This weird-looking British ship will keep an eye out for sabotage beneath the surface

It's called the Proteus, and it's a surveillance vessel.
The Proteus. Ministry of Defence

On October 10, the Royal Fleet Auxiliary dedicated a ship called the Proteus in a ceremony on the River Thames. The vessel, which looks like someone started building a ship and then stopped halfway through, is the first in the fleet’s Multi-Role Ocean Surveillance program, and is a conversion from a civilian vessel. 

In its new role, the Proteus will keep a protective eye on underwater infrastructure deemed vitally important, and will command underwater robots as part of that task. Before being converted to military use, the RFA Proteus was the Norwegian-built MV Topaz Tangaroa, and it was used to support oil platforms.

Underwater infrastructure, especially pipelines and communications cables, make the United Kingdom inextricably connected to the world around it. While these structures are hard to get to, as they rest on the seafloor, they are not impossible to reach. Commercial vessels, like the oil rig tenders the Proteus was adapted from, can reach below the surface with cranes and see below it through remotely operated submarines. Dedicated military submarines can also access seafloor cables. By keeping an eye on underwater infrastructure, the Proteus increases the chance that saboteurs can be caught, and more importantly, improves the odds that damage can be found and repaired quickly.

“Proteus will serve as a testbed for advancing science and technological development enabling the UK to maintain the competitive edge beneath the waves,” reads the Royal Navy’s announcement of the ship’s dedication.

The time between purchase and dedication of the Topaz Tangaroa to the Proteus was just 11 months, with conversion completed in September. The 6,600-ton vessel is operated by a crew of just 26 from the Royal Fleet Auxiliary, while the surveillance, survey, and warfare systems on the Proteus are crewed by 60 specialists from the Royal Navy. As the Topaz Tangaroa, the vessel was equipped for subsea construction, installation, light maintenance, and inspection work, as well as survey and remotely operated vehicle operations. The Proteus retains its forward-mounted helipad, which looks like a hexagonal brim worn above the bow of the ship.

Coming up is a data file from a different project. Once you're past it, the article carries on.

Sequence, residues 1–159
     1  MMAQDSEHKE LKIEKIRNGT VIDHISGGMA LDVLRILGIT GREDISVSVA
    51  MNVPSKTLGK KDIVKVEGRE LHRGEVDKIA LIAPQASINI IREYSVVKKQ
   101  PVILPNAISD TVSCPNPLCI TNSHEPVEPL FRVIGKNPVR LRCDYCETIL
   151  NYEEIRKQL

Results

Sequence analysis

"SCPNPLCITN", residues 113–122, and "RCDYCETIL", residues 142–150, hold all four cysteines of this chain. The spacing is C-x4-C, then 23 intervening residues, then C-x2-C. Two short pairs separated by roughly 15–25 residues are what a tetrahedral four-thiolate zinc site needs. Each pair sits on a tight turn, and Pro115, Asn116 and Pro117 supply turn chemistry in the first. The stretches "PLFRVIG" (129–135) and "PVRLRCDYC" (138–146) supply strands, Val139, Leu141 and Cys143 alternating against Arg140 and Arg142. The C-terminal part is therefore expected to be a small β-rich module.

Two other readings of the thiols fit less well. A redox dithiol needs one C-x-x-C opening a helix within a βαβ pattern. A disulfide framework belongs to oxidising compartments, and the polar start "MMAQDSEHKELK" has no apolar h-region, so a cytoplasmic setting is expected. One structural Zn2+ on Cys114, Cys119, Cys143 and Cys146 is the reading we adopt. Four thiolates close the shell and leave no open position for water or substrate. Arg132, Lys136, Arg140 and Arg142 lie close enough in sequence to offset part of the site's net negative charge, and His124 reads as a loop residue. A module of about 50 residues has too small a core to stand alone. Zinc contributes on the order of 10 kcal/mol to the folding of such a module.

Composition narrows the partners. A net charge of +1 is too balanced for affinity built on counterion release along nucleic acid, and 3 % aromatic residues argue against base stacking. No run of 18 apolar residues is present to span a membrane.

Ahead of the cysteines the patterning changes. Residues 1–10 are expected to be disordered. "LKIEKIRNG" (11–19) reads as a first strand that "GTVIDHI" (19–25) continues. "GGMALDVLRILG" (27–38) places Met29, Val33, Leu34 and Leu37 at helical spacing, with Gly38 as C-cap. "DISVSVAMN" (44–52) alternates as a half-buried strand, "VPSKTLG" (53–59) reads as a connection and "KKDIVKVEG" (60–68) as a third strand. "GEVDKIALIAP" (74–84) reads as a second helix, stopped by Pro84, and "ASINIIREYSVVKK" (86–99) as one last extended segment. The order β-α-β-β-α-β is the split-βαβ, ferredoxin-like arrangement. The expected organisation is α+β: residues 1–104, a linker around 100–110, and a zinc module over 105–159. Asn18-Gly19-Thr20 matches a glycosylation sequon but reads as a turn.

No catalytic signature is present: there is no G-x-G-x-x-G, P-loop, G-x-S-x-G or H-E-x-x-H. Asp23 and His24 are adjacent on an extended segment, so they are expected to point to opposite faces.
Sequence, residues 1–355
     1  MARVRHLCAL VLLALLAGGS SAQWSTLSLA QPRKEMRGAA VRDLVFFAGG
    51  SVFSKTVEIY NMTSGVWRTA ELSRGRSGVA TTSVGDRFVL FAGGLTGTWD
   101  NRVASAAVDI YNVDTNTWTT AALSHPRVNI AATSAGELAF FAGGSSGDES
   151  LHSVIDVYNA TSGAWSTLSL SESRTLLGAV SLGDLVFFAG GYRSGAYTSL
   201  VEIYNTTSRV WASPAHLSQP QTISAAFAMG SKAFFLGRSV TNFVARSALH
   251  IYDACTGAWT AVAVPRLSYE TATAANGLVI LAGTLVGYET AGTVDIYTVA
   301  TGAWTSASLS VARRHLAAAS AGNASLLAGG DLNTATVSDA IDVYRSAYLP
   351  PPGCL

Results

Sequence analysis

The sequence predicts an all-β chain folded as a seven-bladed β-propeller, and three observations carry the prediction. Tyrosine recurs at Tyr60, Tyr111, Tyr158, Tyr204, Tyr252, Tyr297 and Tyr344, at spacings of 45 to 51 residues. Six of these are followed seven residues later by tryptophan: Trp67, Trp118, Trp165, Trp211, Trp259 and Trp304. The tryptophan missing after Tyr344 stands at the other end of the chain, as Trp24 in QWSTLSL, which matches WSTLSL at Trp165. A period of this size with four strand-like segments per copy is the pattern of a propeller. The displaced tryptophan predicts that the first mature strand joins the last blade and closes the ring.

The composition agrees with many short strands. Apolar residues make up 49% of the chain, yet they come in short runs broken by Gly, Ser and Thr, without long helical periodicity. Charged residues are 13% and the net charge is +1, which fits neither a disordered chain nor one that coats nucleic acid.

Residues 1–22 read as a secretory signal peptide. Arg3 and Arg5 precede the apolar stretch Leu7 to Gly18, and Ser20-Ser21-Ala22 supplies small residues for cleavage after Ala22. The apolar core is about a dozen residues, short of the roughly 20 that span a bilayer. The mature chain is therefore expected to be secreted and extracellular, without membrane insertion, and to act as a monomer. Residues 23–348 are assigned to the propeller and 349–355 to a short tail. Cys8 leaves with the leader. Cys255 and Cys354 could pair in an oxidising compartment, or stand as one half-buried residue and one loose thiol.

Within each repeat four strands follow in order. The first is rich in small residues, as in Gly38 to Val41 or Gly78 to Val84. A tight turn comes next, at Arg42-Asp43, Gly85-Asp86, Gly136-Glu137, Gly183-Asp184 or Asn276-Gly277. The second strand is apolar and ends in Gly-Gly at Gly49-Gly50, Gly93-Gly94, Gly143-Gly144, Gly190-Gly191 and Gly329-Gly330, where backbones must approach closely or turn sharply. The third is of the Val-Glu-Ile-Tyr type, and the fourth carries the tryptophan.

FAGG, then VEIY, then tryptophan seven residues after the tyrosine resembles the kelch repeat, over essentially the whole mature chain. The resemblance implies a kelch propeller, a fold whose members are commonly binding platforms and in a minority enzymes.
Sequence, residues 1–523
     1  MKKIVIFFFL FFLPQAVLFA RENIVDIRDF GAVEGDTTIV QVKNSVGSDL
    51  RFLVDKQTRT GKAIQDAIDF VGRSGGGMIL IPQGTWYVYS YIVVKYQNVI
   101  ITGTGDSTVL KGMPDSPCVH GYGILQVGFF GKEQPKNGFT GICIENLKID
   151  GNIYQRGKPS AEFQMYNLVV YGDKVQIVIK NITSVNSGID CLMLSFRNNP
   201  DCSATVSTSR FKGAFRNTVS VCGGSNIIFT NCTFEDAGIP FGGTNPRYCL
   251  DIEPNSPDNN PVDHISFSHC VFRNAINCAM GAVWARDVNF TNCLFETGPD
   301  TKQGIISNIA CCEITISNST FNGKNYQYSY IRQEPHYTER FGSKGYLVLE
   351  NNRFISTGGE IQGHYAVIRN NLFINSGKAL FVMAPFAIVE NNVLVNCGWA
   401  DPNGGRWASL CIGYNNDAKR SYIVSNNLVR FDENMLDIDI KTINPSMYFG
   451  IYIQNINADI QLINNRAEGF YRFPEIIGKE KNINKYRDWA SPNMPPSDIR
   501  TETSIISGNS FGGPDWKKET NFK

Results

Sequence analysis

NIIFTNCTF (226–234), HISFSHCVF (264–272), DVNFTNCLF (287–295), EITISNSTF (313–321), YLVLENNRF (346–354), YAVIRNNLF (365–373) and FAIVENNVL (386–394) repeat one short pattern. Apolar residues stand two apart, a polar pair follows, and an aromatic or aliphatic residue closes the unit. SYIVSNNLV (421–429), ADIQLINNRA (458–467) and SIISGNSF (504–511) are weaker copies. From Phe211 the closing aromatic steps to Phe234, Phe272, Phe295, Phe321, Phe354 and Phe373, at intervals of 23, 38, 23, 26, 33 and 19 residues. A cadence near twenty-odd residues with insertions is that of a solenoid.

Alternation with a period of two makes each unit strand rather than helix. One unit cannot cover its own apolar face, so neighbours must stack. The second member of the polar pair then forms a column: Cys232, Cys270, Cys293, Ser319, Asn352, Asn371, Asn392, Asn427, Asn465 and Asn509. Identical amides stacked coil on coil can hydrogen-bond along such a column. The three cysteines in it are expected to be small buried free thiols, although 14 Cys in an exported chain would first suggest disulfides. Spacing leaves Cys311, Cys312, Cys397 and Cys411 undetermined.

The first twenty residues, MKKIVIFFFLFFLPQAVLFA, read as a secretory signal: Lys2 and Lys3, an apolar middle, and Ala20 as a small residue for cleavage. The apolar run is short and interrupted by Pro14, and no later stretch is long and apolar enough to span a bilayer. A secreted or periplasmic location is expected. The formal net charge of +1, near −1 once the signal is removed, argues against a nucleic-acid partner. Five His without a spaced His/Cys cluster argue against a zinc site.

Most striking about the Proteus is the large and flat rear deck, which features a massive crane as well as 10,700 square feet of working space, which is as much as five tennis courts. Helpful to the ship’s role as a home base for robot submersibles is a covered “moon pool” in the deck that, whenever uncovered, lets the ship launch submarines directly beneath it into the ocean.

“This is an entirely new mission for the Royal Fleet Auxiliary – and one we relish,” Commodore David Eagles RFA, the head of the Royal Fleet Auxiliary, said upon announcement of the vessel in January.

Proteus is named for one of the sons of the sea god Poseidon in Greek mythology, with Proteus having domain over rivers and the changing nature of the sea. While dedicated on a river, the ship is designed for deep-sea operation, with a ballast system providing stability as it works in the high seas. 

“Primarily for reasons of operational security, the [Royal Navy] has so far said little about the [Multi-Role Ocean Surveillance] concept of operations and the areas where Proteus will be employed,” suggests independent analysts Navy Lookout, as part of an in-depth guide on the ship. “It is unclear if she is primarily intended to be a reactive asset, to respond to suspicious activity and potentially be involved in repairs if damage occurs. The more plausible alternative is that she will initially be employed in more of a deterrent role, deploying a series of UUVs [Uncrewed Underwater Vehicles] and sensors that monitor vulnerable sites and send periodic reports back to the ship or headquarters ashore. Part of the task will be about handling large amounts of sensor data looking for anomalies that may indicate preparations for attacks or non-kenetic malign activity.”

In the background of the UK’s push for underwater surveillance are actual attacks and sabotage on underwater pipelines. In September 2022, an explosion caused damage and leaks in the Nord Stream gas pipeline between Russia and Germany. While active transfer of gas had been halted for diplomatic reasons following Russia’s February 2022 invasion of Ukraine, the pipeline still held gas in it at the time of the explosion. While theories abound for possible culprits, there is not yet a conclusive account of which nation was both capable and interested enough to cause such destruction.

The Proteus is just the first of two ships with this task. “The first of two dedicated subsea surveillance ships will join the fleet this Summer, bolstering our capabilities and security against threats posed now and into the future,” UK Defence Secretary Ben Wallace said in January. “It is paramount at a time when we face Putin’s illegal invasion of Ukraine, that we prioritise capabilities that will protect our critical national infrastructure.”

While the Proteus is unlikely to fully deter such acts, having it in place will make it easier for the Royal Navy to identify signs of sabotage. Watch a video of the Proteus below: